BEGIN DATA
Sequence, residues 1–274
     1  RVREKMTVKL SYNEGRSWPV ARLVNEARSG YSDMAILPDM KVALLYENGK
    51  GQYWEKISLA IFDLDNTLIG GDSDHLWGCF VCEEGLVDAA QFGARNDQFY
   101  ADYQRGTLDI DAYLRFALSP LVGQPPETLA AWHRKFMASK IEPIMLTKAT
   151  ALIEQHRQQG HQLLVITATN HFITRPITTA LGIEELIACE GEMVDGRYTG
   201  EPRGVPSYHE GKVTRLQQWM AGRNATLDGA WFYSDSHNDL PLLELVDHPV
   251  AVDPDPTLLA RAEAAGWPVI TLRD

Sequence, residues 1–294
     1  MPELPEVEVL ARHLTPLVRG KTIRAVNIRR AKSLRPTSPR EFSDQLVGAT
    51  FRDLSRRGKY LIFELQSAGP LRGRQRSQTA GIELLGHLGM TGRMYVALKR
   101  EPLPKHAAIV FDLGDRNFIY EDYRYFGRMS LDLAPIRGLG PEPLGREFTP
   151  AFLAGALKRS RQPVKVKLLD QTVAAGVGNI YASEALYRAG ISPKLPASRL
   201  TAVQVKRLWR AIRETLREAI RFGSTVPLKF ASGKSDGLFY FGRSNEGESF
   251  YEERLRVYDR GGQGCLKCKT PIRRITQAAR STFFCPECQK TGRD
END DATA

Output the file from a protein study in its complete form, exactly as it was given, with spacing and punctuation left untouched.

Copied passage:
Sequence, residues 1–274
     1  RVREKMTVKL SYNEGRSWPV ARLVNEARSG YSDMAILPDM KVALLYENGK
    51  GQYWEKISLA IFDLDNTLIG GDSDHLWGCF VCEEGLVDAA QFGARNDQFY
   101  ADYQRGTLDI DAYLRFALSP LVGQPPETLA AWHRKFMASK IEPIMLTKAT
   151  ALIEQHRQQG HQLLVITATN HFITRPITTA LGIEELIACE GEMVDGRYTG
   201  EPRGVPSYHE GKVTRLQQWM AGRNATLDGA WFYSDSHNDL PLLELVDHPV
   251  AVDPDPTLLA RAEAAGWPVI TLRD

Sequence, residues 1–294
     1  MPELPEVEVL ARHLTPLVRG KTIRAVNIRR AKSLRPTSPR EFSDQLVGAT
    51  FRDLSRRGKY LIFELQSAGP LRGRQRSQTA GIELLGHLGM TGRMYVALKR
   101  EPLPKHAAIV FDLGDRNFIY EDYRYFGRMS LDLAPIRGLG PEPLGREFTP
   151  AFLAGALKRS RQPVKVKLLD QTVAAGVGNI YASEALYRAG ISPKLPASRL
   201  TAVQVKRLWR AIRETLREAI RFGSTVPLKF ASGKSDGLFY FGRSNEGESF
   251  YEERLRVYDR GGQGCLKCKT PIRRITQAAR STFFCPECQK TGRD